Active Solder… What-Why-How

What is meant by “active solder”?  The term evolves from active brazing; I assume that does not really help you…. But it is true that active brazing was the key technology that led to the development of active solders. (more…)

Can S-Bond Soldered Joints be Coated ?

Many times our customers have to coat assemblies operations after aluminum bonding, graphite bonding, ceramic to metal bonding, etc; this can present certain challenges that one should be aware of since soldered joints. Unlike welded and many brazed joints, soldered joints utilize a significantly different filler metal. In the case of S-Bond solders, Sn-Ag is the common base filler that is used in aluminum bonding as well as copper, steel, stainless steel, refractory metals, and titanium and many other metals. As such, then the properties of the joint MUST be considered when coating. (more…)

Aluminum Bonding with Active Solders

Active solder, S-Bond® alloys have been developed to bond to a range of metals, ceramics and composite materials without the need for fluxes of preplating. In particular, such active solder alloys have an affinity for joining aluminum to itself and other metals and ceramics. Aluminum soldering has gotten simpler with the emergence of such S-Bond® solders. Just melt the S-Bond filler metals, mechanically spread them on the surface via brushing, rubbing, or via ultrasonically activated spreaders and the alloys will wet, adhere and provide a base for bonding. In a subsequent step, when two molten pre-tinned S-Bond layers are pressed or slid together the S-Bond layers will activate a strong solder bond. (more…)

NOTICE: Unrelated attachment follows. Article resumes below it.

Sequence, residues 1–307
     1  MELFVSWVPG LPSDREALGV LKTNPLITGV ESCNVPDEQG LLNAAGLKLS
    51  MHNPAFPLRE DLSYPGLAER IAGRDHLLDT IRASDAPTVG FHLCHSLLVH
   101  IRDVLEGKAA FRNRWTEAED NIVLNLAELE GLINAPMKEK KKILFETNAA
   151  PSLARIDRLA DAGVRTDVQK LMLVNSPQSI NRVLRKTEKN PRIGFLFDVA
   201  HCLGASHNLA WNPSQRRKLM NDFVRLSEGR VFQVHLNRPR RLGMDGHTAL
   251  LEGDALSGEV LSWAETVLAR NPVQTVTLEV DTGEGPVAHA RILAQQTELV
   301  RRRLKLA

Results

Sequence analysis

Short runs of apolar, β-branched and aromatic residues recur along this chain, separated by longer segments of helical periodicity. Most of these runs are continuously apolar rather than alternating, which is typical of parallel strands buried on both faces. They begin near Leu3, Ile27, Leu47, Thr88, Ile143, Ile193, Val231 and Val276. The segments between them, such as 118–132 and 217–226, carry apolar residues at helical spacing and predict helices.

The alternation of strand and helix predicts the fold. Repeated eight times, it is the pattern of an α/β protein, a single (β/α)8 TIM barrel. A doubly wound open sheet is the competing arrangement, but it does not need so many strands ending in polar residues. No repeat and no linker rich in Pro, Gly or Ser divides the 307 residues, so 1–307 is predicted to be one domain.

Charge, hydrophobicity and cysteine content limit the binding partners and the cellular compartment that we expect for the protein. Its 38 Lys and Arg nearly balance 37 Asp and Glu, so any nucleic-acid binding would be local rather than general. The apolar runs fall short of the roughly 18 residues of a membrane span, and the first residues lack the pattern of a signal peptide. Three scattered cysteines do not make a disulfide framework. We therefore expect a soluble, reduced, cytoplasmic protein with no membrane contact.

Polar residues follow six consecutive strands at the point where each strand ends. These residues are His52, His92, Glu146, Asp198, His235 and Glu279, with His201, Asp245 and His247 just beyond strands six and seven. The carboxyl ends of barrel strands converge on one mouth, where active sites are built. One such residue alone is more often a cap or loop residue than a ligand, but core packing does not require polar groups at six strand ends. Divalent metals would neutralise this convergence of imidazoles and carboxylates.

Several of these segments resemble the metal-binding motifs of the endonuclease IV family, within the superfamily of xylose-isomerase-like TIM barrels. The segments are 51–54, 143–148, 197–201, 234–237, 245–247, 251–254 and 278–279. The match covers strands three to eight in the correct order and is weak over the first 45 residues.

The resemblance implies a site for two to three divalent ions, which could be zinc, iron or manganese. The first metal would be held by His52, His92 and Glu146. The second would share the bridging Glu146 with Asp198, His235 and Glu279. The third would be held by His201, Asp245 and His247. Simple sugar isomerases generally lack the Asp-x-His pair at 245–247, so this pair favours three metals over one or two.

Mechanical Activation of Active Solders

Mechanical vs Chemical Fluxing During Solder Bonding

Flux is derived from Latin word fluxus meaning “flow.” In solder joining (also  aluminum soldering, graphite bonding, ceramic to metal brazing, etc.), a flux facilitates wetting by molten metals disrupting oxides on metal surfaces which interrupt the reaction/interaction of the molten solder metals with the underlying metal. Additionally, flux allows solder to flow easily on the working piece rather than forming beads as it would otherwise. (more…)

Joining Dissimilar Materials

The Issue of Coefficient of Thermal Expansion (CTE) Mismatch

Yes, S-Bond can join a wide variety of materials, including aluminum, copper, stainless steel, refractory metals and ceramic to metal brazing with aluminum oxide, aluminum nitride, silicon carbide and other oxide, nitrides and carbides… however, with this wide variety of materials joining capability, we have a lot of inquiries about aluminum soldering to stainless steel or aluminum oxide, graphite bonding to aluminum, titanium to silicon carbide, etc. (more…)